Is Saudi Arabia’s acquisition of Newcastle causing the British government to abandon interest in human rights?

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Is Saudi Arabia’s acquisition of Newcastle causing the British government to abandon interest in human rights?

Following two years of hard talks, Saudi Arabia was able to buy Newcastle United F.C., the British soccer club, for £300 million in collaboration with two other wealthy West Asian neighbours, Qatar and the United Arab Emirates (UAE). This is the third acquisition of an English sports franchise by wealthy Arab Sheikhs from the Persian Gulf. In the summer of 2008, the UAE also purchased Manchester City. Three years later, the ‘Qatar Investment Authority’ bought Paris Saint-Germain in 2011. Mohammed bin Salman, the flamboyant Saudi Crown Prince (MBS), spent hundreds of millions of dollars to purchase Newcastle United by offering unique incentives to the British to facilitate the club’s transfer. The Saudis are said to be trying to purchase Newcastle United to create a brand for the Saudi regime or to use sports as a means of money laundering. Since becoming Crown Prince of Saudi Arabia in a semi-successful coup d’état, MBS has employed many strategies to whitewash the kingdom’s notorious image in the international community’s eyes and conceal internal repression external aggression, such as the war against Yemeni civilians. “Cristiano Ronaldo,” “Lionel Messi,” and other international soccer stars were approached by Saudi authorities to visit the oil-rich Saudi Arabia in February 2020, but both players declined the offer. In the last three years, MBS has also utilized football to repair his anti-human rights image. Initially, he tried to buy the prestigious A.S. Roma football club in Italy. Bin Salman’s high-stakes effort to purchase the renowned Italian club was greeted with fierce resistance, and Khashoggi’s horrific murder put an end to the deal, preventing the Saudi tyrant from acquiring the club. In the second phase of this massive public advertising campaign, Saudi Arabia attempted to purchase Manchester United, the most famous English club. However, this transaction was also cancelled due to the Saudi atrocities in Yemen, which amounts to war crimes and crimes against humanity.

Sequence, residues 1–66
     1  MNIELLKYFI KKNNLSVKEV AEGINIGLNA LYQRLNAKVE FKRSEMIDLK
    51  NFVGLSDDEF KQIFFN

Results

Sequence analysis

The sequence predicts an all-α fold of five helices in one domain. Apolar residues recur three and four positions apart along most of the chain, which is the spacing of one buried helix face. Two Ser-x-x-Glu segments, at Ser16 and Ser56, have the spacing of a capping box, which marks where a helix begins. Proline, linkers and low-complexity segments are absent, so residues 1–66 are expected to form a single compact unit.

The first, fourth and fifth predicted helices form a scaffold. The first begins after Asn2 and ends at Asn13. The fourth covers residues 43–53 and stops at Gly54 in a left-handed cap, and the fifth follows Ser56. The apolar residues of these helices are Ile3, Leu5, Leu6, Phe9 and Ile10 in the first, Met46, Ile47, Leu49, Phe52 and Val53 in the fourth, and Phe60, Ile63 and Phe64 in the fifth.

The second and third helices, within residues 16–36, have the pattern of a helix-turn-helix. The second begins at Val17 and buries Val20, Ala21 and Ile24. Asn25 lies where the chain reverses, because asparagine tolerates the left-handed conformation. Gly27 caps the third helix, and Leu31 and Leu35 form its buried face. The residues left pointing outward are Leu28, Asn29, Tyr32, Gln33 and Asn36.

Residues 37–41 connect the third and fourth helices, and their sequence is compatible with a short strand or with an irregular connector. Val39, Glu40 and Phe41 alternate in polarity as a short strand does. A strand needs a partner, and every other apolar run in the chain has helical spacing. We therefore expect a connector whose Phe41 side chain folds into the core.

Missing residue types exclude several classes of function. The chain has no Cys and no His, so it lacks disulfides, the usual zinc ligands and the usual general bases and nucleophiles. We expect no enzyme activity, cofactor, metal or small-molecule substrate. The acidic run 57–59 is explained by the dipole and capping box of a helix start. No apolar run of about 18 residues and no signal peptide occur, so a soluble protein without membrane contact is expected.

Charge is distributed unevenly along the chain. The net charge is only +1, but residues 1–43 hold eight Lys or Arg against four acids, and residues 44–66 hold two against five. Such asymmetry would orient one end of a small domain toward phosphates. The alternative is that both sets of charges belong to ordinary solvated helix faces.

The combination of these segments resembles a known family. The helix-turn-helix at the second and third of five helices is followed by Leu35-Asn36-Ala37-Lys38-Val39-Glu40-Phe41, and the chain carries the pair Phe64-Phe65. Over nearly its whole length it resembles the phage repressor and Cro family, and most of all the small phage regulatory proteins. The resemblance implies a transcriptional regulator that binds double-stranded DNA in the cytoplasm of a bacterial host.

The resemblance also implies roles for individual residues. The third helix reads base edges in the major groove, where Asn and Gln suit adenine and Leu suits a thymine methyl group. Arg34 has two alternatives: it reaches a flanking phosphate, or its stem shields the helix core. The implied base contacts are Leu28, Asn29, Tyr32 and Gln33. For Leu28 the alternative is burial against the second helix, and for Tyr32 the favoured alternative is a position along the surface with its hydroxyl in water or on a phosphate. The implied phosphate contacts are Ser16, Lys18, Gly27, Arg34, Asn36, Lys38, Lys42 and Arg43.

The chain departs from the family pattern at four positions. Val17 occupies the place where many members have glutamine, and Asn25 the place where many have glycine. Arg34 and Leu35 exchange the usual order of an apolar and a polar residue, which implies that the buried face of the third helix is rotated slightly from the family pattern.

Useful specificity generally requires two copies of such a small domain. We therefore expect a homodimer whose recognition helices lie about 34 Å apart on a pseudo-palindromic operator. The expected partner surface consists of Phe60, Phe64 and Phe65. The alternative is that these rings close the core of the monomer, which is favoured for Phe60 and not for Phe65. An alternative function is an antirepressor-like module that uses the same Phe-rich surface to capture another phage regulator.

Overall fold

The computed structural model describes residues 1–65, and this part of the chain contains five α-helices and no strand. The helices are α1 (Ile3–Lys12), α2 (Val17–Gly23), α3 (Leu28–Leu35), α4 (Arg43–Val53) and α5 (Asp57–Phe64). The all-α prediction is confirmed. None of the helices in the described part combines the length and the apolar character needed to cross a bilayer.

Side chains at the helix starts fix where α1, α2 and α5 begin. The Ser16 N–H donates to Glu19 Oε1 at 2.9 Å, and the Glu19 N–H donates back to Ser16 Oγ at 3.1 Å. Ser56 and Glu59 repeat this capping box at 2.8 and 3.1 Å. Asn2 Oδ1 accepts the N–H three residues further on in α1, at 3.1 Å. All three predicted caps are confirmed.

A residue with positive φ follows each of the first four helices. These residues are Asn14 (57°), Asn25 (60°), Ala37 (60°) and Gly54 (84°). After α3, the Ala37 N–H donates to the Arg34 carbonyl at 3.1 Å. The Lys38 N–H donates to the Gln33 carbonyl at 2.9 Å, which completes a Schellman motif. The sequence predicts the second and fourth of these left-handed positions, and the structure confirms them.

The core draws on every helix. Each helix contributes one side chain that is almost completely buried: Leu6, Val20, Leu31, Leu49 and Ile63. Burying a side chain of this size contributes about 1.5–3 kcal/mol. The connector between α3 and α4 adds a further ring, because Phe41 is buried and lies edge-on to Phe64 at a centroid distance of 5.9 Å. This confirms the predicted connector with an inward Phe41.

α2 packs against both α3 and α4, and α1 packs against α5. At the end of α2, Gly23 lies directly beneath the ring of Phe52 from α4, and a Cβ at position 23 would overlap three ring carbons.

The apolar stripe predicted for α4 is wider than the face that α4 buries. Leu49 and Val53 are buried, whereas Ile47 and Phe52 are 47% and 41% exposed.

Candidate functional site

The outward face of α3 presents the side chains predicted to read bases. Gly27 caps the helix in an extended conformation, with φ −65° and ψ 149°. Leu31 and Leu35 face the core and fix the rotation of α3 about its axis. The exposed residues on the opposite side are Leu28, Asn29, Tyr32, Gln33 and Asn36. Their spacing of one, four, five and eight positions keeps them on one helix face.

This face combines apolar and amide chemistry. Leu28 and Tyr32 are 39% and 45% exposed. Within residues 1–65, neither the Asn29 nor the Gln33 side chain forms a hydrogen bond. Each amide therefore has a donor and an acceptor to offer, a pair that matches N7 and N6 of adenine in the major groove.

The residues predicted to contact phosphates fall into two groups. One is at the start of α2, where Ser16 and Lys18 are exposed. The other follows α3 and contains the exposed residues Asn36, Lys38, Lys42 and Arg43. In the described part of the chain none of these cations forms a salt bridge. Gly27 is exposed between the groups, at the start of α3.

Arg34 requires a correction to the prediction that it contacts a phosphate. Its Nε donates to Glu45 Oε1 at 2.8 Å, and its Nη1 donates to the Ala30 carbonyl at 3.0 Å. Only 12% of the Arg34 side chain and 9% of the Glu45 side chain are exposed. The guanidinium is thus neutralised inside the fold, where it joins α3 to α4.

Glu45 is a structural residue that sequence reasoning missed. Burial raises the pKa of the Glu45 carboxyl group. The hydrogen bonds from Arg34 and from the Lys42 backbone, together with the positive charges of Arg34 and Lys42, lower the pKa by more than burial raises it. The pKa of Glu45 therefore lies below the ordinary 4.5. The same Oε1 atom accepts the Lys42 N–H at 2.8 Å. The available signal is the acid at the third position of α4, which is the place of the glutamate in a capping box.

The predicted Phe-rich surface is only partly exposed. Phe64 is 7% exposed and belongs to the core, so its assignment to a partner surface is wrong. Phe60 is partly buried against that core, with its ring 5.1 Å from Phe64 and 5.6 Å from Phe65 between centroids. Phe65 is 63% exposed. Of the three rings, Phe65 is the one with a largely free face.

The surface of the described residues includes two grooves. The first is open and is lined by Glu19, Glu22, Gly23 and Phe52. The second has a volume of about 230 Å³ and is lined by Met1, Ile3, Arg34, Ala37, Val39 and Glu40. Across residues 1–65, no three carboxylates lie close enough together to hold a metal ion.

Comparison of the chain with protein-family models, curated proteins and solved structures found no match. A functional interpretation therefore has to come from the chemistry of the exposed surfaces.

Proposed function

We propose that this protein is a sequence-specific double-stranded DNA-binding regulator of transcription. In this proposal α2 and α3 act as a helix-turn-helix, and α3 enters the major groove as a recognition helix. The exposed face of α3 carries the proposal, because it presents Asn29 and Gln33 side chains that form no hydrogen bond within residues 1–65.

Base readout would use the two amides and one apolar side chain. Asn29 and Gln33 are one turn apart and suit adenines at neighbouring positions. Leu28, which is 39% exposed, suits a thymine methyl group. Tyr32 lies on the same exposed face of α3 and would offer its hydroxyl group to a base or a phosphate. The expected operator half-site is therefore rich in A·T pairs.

According to observers, MBS’ main point of contact in the U.K. is British businesswoman Amanda Staveley, who has been criticised for her infamous connections to Saudi Crown Prince Mohammed bin Salman and Prince Andrew. Staveley has had long-standing ties to Middle Eastern sheikhs and the British royal family, a former British model and a self-styled and resourceful entrepreneur. Because of her ties, she creates an atmosphere where Arab despots looking to buy English football teams would find suitable. In recent years, Staveley has served as a major advisor to Arab investors in English football. For example, in 2008, Sheikh Mansour Al Nahyan allegedly paid her ten million pounds for her assistance in brokering a contract between Manchester City and the UAE. Despite the Saudis’ purchase of Newcastle United, human rights groups have continued to rebuke the Saudis for their black human rights record. Saudi Arabia uses sporting events and other similar tactics to distract the world public opinion from its human rights abuses, according to Human Rights Watch (HRW), reacting to the deal. Given Saudi Arabia’s human rights violations, Human Rights Watch has urged Newcastle supporters to reject any potential Saudi financial aid for their club. HRW described Saudi ownership of Newcastle as a threat to the game, asking players, fans, and the media to contact FIFA and the Premier League to demand that human rights be respected and that Saudi ownership be revoked. In reaction to the Saudi regime’s harsh persecution, the head of Amnesty International in the United Kingdom stated that Newcastle supporters’ tear of joy is similar to the genuine tears of individuals who have suffered horrible injustice in Saudi Arabia. Despite owning and controlling 80% of the club, the Saudis have just one non-executive member on the board of directors, owing to British worries about the Saudi royal family’s influence in Newcastle United.

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